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"'To do something extraordinary:' Mormon Women and the Creation of a Usable Past"

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dc.contributor.advisor Petrik, Paula Reeder, Jennifer
dc.creator Reeder, Jennifer en_US 2013-08-09T15:38:06Z 2013-08-09T15:38:06Z 2013 en_US
dc.description.abstract On 17 March 1842, twenty-two women of the Church of Jesus Christ of Latter-day Saints gathered in Nauvoo, Illinois, under the direction of their prophet, Joseph Smith, to organize a female counterpart to priesthood and patriarchal leadership. The women elected lady leaders and established a purpose: to save souls and provide relief to the poor. "We are going to do something extraordinary," said Emma Smith, first Relief Society president. "We expect pressing calls and extraordinary occasions." The Relief Society engaged in religious, charitable, economic, political, and cultural activity and initiated a new emphasis on recording, remembering, and retaining the authority of the past.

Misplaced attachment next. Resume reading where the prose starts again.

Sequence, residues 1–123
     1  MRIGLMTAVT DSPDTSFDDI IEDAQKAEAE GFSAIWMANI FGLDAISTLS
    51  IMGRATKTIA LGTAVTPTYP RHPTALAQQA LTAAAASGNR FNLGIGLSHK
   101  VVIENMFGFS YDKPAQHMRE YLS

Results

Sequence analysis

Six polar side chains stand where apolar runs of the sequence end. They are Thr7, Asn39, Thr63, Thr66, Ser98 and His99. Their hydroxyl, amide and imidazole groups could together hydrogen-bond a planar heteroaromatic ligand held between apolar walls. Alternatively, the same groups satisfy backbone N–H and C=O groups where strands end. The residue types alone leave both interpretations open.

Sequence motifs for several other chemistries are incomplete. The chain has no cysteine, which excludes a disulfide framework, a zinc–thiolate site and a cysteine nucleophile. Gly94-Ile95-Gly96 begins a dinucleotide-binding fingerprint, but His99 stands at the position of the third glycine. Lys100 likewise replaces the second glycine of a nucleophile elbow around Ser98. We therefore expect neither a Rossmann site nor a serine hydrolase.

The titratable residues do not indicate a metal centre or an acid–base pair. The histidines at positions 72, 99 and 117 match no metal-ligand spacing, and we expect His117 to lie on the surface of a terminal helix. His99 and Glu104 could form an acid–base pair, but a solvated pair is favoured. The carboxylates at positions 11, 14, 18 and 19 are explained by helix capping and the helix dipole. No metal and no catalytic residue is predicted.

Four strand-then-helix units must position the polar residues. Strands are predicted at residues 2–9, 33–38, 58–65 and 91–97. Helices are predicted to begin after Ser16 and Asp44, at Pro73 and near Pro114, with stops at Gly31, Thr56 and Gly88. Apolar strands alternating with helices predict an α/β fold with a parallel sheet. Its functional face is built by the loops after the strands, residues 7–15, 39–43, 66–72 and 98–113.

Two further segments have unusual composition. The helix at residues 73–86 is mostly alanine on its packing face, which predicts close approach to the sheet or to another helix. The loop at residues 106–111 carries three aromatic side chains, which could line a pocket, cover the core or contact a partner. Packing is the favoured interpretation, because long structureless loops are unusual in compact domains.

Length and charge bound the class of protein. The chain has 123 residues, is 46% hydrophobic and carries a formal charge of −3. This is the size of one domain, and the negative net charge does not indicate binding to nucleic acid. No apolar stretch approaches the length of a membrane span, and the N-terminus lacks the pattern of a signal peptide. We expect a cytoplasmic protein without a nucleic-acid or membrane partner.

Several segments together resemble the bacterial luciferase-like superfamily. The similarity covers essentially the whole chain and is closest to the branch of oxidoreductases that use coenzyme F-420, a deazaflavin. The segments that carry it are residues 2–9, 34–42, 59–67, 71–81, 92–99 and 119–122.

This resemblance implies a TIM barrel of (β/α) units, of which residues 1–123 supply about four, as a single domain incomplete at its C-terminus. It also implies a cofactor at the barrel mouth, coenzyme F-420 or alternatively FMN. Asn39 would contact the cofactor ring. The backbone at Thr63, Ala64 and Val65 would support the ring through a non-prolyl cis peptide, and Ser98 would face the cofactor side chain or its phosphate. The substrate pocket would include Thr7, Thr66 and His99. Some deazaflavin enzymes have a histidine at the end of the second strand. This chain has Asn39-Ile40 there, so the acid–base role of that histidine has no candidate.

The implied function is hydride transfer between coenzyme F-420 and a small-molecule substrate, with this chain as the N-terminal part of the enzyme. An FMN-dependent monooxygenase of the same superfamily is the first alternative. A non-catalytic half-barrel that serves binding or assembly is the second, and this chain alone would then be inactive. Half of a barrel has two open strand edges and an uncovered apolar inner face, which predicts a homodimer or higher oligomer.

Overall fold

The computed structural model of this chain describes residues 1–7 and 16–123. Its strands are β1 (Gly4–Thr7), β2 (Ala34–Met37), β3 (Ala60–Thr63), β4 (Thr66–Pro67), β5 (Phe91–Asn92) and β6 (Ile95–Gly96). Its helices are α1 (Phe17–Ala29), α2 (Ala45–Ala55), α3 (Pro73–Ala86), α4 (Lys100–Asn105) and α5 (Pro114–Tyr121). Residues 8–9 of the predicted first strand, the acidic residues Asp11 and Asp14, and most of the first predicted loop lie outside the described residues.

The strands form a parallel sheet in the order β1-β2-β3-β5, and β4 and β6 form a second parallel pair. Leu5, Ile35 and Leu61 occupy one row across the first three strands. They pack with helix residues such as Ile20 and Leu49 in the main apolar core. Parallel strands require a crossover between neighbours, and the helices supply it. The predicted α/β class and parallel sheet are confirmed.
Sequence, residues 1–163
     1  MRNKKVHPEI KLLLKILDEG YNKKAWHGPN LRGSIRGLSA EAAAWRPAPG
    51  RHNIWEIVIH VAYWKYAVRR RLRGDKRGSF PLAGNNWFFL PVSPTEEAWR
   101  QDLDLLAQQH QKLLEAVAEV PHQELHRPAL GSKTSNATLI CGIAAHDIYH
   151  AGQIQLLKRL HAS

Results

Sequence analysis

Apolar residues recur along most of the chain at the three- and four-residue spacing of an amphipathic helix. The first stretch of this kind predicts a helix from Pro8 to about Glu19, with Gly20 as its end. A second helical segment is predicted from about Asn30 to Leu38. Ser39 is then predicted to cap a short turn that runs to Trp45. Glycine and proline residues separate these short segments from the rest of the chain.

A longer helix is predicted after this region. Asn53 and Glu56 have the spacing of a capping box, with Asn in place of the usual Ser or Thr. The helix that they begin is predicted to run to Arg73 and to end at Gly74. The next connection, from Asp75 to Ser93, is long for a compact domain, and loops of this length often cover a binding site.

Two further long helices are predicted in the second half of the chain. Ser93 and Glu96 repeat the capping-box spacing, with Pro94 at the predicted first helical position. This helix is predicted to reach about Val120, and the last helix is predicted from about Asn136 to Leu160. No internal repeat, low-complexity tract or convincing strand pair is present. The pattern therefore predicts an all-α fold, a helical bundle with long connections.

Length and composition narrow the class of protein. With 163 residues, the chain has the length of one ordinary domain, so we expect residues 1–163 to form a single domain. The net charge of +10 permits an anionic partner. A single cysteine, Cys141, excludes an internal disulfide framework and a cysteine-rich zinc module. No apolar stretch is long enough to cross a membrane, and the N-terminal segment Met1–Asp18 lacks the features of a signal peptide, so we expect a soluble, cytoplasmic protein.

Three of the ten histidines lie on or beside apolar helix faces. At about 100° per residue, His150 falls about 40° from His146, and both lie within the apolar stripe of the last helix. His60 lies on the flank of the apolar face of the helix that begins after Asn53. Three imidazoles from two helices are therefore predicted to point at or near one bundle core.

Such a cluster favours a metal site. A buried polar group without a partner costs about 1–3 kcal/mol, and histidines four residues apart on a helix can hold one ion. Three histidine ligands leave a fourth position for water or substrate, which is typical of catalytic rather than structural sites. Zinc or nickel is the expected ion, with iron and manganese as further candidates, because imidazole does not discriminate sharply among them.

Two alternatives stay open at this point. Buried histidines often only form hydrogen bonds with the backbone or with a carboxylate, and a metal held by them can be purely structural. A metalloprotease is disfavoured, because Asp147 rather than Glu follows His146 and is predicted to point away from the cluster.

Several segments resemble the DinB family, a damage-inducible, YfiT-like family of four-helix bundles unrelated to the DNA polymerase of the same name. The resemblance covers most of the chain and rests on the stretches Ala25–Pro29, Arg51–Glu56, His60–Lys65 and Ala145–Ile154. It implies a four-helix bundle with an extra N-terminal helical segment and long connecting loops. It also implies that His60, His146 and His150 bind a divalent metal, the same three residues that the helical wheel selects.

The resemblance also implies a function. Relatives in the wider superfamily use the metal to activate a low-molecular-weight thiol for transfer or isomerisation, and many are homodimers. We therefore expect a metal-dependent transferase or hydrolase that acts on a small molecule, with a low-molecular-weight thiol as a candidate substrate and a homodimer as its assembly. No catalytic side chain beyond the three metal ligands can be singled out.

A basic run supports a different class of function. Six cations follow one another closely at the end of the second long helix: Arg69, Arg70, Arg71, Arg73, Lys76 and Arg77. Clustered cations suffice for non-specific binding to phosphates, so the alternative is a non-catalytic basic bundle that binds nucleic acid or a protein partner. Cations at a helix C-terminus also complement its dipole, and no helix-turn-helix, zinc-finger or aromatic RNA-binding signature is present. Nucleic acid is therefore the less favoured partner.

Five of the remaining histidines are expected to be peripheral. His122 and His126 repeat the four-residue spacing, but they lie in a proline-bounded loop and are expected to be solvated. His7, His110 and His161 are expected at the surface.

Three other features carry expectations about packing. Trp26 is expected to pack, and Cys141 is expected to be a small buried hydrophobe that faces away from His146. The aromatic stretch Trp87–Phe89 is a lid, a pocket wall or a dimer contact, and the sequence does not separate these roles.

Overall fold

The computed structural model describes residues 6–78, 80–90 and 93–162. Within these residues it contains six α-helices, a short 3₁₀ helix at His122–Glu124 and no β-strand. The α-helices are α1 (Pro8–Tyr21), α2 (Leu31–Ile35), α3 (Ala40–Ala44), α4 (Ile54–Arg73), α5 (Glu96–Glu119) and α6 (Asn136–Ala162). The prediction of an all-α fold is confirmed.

dc.format.extent 389 pages en_US
dc.language.iso en en_US
dc.rights Copyright 2013 Jennifer Reeder en_US
dc.subject American history en_US
dc.subject Religious history en_US
dc.subject Women's studies en_US
dc.subject American Victorian en_US
dc.subject hair art en_US
dc.subject material culture en_US
dc.subject memory en_US
dc.subject Mormon en_US
dc.subject quilt en_US
dc.title "'To do something extraordinary:' Mormon Women and the Creation of a Usable Past" en_US
dc.type Dissertation en Doctoral en History en George Mason University en

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